The bowhead whale has a massive bow-shaped skull that is over 16.5 feet (5 m) long and about 30–40% of their total body length. This large skull allows the bowhead whale to break through thick ice with its head. The bowhead whale also has a 17–19 inch (43-50 cm) thick blubber layer, thicker than any other whale's blubber.
Bowhead whales become sexually mature at about the age of 20 years, when they reach a length of about 35–40 ft (13–14 m). Females generally have one calf every 3 to 4 years after a gestation period around 13 to 14 months. Calves are usually about 13 ft (4 m) long at birth and weigh about 2,000 lb (900 kg). Adults grow to about 45-60 ft long (14-18 m) and weigh 150,000–200,000 lb (75–100 tons). The average and maximum lifespan are unknown; however, some evidence suggests that they can live over 100 years.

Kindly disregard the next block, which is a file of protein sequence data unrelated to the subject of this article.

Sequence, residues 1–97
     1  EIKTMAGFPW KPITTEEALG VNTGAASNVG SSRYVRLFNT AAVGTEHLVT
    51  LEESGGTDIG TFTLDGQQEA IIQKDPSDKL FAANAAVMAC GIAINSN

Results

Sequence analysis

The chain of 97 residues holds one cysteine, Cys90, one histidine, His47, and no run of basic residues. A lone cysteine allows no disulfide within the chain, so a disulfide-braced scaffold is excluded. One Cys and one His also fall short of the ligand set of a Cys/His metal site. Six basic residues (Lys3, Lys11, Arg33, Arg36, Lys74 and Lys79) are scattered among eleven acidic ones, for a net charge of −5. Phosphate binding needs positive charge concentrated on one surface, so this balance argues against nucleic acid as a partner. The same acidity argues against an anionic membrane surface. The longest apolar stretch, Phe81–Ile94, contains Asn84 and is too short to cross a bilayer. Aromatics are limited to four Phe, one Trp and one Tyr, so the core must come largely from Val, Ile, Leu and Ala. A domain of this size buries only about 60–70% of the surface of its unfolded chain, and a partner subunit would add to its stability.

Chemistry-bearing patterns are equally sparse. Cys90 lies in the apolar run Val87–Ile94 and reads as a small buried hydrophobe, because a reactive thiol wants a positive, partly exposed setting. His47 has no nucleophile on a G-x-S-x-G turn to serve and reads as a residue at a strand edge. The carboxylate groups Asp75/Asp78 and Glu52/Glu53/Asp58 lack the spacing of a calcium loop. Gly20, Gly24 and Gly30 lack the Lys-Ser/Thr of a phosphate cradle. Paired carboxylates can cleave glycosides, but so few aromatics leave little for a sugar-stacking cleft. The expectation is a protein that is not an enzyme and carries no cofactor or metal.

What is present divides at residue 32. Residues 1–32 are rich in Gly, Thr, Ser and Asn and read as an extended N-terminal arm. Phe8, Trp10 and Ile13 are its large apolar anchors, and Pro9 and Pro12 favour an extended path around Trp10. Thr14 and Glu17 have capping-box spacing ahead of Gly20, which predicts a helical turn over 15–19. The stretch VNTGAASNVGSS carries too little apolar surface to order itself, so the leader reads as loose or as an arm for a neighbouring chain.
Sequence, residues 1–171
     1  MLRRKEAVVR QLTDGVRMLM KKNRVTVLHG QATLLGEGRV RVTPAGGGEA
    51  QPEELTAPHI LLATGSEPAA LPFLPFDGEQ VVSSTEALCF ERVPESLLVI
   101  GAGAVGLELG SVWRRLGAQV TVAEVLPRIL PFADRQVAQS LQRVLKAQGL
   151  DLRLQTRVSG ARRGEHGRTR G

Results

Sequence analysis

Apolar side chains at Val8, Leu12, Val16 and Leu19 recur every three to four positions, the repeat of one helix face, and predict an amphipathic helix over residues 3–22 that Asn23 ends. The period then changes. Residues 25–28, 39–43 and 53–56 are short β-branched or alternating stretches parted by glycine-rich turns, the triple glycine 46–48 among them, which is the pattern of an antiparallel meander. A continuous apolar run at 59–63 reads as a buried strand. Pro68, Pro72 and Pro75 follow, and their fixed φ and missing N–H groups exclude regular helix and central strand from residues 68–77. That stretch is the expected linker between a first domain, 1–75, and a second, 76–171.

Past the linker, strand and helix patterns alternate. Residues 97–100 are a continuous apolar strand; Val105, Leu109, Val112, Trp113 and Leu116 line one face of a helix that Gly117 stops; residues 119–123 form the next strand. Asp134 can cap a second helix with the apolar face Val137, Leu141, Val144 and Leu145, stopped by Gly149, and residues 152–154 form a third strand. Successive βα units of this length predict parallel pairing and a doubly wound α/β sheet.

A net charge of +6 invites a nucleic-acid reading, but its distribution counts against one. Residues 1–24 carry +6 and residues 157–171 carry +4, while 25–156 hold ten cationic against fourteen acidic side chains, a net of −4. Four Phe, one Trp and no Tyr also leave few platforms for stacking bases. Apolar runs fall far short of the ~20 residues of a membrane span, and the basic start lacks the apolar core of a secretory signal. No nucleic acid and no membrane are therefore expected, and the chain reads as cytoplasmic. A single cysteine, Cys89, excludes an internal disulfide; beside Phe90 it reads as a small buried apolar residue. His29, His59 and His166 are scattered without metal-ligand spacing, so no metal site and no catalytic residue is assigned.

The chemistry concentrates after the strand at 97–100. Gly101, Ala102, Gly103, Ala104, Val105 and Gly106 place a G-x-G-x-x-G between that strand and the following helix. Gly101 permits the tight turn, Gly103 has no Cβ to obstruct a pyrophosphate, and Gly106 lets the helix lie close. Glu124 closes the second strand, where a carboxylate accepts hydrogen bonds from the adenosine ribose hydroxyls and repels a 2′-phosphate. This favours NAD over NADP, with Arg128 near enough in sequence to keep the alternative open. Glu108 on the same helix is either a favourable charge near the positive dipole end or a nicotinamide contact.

HabitatBowheads live in the Arctic Ocean and adjacent seas. They spend most of the summer in relatively ice-free waters of seas adjacent to the Arctic Ocean. They are associated with sea ice the rest of the year.
There are thought to be more than 17,000 in existence. The bowhead is a target for indigenous hunters in Alaska, Chukotka and Greenland who are allowed to catch no more than 69 individuals a year under IWC rules.
Related category• ZOOLOGY
Source: National Oceanic and Atmospheric Administration
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